Paradises in bloom inside high walls of Baghdad, a garden where people can socialize, dance, listen to music and have fun. The men and women are dressed in Western clothing, smiling, laughing and having fun while their children play. Outside of the walls more than 200 people have been killed in the city in the last week, mostly by suicide bombers. But inside of the gates of the Hunting Club there is love and happiness. And it was going to be like that forever, so they thought…

Robert F. Worth weaves an incredible story of two Iraq’s in the New York Times magazine. Below is an excerpt:

“In a sense, it is the members of these clubs — the residuum of Iraq's well-educated, relatively secular, Western-leaning professionals — on whose leadership the American invasion of 2003 was premised. These people did not identify themselves as Sunni or Shiite. They would re-emerge to form the core of a new Iraqi civil society, propelling the country toward democracy and away from religious extremism. Or so the theory went.”

“What has happened over the past three years is very nearly the opposite. To spend time at the clubs today is to witness the slow disintegration of Iraq's secular class. Energized at first by the fall of Hussein's police state, the clubs expelled their Baathist members and began luring back the old, aristocratic Baghdadi families who once dominated them. But now, with sectarian killings growing worse, the old all-night parties end at dusk. Some members have started defying the ban on carrying guns inside. More and more of them are fleeing the country for the safety of Jordan or the Persian Gulf states or Europe. Those who remain complain that the clubs — once the preserve of Baghdad's proudly cosmopolitan culture — are being taken over by a thuggish new generation of war profiteers. At the same time, the clubs are facing a new threat from Islamist politicians who see them as sinks of alcohol-fueled decadence and are trying to put them under strict state control.”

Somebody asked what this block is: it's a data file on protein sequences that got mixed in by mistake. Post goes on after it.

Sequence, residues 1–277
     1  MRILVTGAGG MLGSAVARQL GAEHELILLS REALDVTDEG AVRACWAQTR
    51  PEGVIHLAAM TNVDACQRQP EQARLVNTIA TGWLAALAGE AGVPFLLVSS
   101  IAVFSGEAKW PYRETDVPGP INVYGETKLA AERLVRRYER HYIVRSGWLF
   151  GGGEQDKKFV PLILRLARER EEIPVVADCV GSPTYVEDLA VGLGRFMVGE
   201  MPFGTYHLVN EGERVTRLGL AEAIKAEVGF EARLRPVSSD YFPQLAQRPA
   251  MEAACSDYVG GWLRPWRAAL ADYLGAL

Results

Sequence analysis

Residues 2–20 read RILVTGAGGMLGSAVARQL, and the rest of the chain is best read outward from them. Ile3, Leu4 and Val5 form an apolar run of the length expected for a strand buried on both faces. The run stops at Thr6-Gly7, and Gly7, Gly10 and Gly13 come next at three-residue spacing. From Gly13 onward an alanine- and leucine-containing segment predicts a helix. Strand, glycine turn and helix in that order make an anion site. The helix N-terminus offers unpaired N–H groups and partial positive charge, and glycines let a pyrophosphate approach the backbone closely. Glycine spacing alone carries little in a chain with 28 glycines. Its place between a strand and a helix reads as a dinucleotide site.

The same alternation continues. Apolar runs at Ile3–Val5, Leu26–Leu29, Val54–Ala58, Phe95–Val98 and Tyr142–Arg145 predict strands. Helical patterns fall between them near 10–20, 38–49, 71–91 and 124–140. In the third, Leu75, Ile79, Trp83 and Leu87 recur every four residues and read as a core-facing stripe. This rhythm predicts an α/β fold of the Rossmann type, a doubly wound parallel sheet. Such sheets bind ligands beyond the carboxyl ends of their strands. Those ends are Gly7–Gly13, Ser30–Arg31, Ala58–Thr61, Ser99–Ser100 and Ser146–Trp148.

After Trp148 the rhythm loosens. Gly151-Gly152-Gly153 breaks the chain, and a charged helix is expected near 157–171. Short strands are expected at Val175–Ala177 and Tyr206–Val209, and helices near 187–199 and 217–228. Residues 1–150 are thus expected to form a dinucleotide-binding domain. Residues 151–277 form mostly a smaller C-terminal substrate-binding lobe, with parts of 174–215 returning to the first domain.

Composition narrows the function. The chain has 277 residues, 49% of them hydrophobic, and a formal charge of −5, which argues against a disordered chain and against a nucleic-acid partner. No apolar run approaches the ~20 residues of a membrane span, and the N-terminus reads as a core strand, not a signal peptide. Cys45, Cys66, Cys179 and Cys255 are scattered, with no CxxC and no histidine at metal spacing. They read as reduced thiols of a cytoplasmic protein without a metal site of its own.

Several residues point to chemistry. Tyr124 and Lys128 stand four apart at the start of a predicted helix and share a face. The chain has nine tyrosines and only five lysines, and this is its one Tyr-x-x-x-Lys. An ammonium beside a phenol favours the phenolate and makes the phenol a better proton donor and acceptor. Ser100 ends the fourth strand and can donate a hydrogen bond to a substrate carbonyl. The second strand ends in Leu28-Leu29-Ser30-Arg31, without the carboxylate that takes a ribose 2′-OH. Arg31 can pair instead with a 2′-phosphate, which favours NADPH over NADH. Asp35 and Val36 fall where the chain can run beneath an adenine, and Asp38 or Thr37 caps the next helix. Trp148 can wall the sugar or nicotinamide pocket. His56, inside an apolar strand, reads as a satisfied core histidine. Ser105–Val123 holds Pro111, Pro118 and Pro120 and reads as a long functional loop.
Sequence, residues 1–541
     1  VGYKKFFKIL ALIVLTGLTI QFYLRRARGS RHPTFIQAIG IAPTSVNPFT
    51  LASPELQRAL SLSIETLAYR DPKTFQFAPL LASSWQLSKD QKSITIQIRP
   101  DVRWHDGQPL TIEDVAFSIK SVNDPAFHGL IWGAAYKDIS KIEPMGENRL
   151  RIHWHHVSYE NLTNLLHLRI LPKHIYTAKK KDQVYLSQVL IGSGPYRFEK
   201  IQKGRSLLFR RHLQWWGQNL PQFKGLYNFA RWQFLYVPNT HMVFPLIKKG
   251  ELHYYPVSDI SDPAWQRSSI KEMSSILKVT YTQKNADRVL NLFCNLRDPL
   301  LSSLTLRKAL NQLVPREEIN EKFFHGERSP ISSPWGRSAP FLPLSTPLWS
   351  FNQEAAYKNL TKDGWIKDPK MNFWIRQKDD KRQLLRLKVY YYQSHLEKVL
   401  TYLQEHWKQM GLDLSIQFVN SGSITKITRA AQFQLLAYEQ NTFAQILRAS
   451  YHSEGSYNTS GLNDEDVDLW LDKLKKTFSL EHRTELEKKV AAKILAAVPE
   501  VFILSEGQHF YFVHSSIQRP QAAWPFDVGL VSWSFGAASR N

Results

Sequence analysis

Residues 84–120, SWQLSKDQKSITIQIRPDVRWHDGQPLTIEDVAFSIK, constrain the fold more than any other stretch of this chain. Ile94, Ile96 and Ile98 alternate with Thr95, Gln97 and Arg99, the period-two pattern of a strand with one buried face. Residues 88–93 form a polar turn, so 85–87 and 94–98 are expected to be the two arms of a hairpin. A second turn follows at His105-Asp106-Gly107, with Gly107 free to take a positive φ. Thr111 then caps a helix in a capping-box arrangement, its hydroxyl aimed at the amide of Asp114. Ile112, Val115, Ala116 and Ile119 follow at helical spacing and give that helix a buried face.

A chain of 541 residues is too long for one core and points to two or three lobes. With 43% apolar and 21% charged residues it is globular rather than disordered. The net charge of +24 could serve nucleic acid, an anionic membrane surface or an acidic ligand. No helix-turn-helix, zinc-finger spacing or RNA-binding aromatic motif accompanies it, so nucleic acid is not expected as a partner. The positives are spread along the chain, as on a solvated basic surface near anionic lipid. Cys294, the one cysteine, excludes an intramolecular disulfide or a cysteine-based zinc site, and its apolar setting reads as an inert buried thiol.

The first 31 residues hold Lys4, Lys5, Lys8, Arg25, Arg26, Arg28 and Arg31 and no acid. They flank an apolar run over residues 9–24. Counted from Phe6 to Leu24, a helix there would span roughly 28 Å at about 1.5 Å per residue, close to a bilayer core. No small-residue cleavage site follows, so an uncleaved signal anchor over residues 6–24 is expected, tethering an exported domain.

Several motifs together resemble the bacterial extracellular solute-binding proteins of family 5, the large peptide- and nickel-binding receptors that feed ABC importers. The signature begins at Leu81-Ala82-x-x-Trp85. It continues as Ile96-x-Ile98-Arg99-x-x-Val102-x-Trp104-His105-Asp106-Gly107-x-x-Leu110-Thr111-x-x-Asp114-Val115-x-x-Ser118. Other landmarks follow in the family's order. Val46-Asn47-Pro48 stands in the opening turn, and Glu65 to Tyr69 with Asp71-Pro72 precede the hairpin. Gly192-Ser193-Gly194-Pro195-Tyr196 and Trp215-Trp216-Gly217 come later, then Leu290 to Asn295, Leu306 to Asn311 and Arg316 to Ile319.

“It was Muala who led the effort to reclaim the club after the American invasion. In the first month after the Americans arrived, Ahmad Chalabi, the Pentagon-backed Iraqi exile, commandeered the grounds as a base for his political party. But he relinquished it after Muala and his friends, all of them longtime club members, showed up. (In December, Muala ran for Parliament with Chalabi's political party but failed, like Chalabi, to win a seat)”

“The club has already spent more than a billion dinars, or about $700,000, on rebuilding, money raised mostly through membership fees (about $700 a year per member). Muala is now planning to build a new outdoor restaurant, to replant all the gardens and to replace with something more tasteful the gaudy salons where Uday Hussein and his henchmen once partied. He is also hoping to expand the row of shops that already stand at the edge of the main lawn and add a bank branch. In the end, the club could become almost a self-sufficient world, sealed off from the madness in the streets outside.”

“To its members, the club is a unique refuge, a walled fortress with 22 armed guards in Mansour, Baghdad's wealthiest and best-protected area. To help insulate it from the violent currents of Iraqi life, Muala has applied strict rules. ‘No politics, no religion,’ he said. ‘We are not associated with anyone.’ It is one of the very few places in Iraq where sect really seems not to matter. The one thing the members all share is a more or less secular outlook.”

Click here for the full piece.